Your clothes are the starting point for protection against biting insects. Wearing long, loose-fitting clothing that minimises your skin exposure is a basic precaution in high-risk areas. Any exposed skin should be lightly coated with an effective repellent. Historically the most effective mixtures have included DEET (diethyltoluamide), a potent chemical which intensely repels mosquitoes. Carry a balm with you to soothe the irritation of any bites you receive.
Make sure to check www.fitfortravel.nhs.uk for up to date information about the country to which you’re travelling.
To ensure safe, secure and stress free travel it typically pays to think of any potential problem and then work backwards. So, let’s think about all the various ways that your belongings could be compromised in transit.
Although most baggage handlers are sensitive, thoughtful human beings just like the rest of us; your bag is not going to be treated lightly. So make sure that everything inside it is well cushioned and packed to survive impacts from any direction.
Electronic theft of sensitive bank and passport data is unfortunately on the rise in this era of technology. Scanners are easily available and can be used at several metres from the target. It’s a smart move to invest in RFiD blocking cases or wallets which will help prevent the unauthorised reading of your data.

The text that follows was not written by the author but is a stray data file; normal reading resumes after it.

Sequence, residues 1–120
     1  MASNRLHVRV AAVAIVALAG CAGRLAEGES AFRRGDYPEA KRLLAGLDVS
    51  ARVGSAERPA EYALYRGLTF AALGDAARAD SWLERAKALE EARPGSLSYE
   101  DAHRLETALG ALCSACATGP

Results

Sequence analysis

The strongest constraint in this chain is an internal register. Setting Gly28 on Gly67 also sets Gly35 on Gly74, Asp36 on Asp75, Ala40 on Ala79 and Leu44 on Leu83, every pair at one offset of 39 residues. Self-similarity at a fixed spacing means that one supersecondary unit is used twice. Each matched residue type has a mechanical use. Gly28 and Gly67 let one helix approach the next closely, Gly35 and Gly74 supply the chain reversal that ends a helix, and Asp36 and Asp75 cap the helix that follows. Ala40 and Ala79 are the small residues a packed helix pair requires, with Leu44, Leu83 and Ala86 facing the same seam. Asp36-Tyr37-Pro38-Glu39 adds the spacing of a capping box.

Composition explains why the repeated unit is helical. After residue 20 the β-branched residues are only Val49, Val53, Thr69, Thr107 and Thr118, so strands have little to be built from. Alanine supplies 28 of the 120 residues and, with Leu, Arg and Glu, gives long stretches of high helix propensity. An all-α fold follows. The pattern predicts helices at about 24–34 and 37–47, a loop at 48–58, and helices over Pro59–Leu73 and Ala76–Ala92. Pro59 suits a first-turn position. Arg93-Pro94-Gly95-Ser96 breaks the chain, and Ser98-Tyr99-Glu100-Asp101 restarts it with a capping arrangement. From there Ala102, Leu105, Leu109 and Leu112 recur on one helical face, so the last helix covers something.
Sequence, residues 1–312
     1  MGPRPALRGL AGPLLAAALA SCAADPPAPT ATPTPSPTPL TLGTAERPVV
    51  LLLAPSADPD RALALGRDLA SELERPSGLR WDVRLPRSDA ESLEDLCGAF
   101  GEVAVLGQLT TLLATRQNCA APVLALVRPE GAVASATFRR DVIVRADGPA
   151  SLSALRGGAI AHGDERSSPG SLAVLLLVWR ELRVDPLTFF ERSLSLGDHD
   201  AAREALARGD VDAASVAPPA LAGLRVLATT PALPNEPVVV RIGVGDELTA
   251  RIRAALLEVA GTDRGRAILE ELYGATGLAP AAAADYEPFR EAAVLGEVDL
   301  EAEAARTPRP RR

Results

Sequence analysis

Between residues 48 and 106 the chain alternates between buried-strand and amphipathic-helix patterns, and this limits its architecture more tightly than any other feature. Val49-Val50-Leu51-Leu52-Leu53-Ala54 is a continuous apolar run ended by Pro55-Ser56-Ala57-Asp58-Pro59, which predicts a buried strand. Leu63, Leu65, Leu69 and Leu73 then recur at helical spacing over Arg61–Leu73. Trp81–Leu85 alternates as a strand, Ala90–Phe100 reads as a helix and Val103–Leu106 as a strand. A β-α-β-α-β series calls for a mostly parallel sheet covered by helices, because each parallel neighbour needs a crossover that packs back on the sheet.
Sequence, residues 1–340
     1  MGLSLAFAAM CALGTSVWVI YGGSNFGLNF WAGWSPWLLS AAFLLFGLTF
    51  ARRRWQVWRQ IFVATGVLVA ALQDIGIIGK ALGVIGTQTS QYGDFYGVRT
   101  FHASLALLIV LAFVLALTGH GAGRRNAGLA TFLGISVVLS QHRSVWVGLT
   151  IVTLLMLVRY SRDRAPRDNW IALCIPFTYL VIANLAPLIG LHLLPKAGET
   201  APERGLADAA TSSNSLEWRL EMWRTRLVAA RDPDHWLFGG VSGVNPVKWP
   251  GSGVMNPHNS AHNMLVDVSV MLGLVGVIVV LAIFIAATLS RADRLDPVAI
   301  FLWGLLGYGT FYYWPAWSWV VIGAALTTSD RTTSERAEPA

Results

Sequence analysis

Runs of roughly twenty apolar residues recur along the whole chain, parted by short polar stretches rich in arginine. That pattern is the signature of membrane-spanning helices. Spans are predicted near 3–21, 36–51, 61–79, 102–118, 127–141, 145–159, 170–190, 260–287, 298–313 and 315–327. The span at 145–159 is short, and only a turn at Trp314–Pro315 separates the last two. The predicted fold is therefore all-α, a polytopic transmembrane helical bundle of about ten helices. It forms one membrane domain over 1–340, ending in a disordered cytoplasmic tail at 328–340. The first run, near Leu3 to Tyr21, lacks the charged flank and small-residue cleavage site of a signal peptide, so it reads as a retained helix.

Unsecured zips may open accidentally whilst in transit; they may even be helped along in this process; so secure any zips or openings with a suitable lock.
Beyond luggage, it’s also key to ready yourself for any bureaucratic nightmares that can be sparked by loss or theft. Always keep your essential documents on your person or in your hand luggage. A body wallet which you wear under your clothes may help.
Make and separately store photocopies of your passport and travel insurance certificate. Write down essential numbers, such as those of the local British embassy, your insurance company’s helpline and your bank’s international contact number on a sheet of paper and keep it somewhere safe - perhaps under the lining of your shoe or in a money belt – and put all of this information on your phone.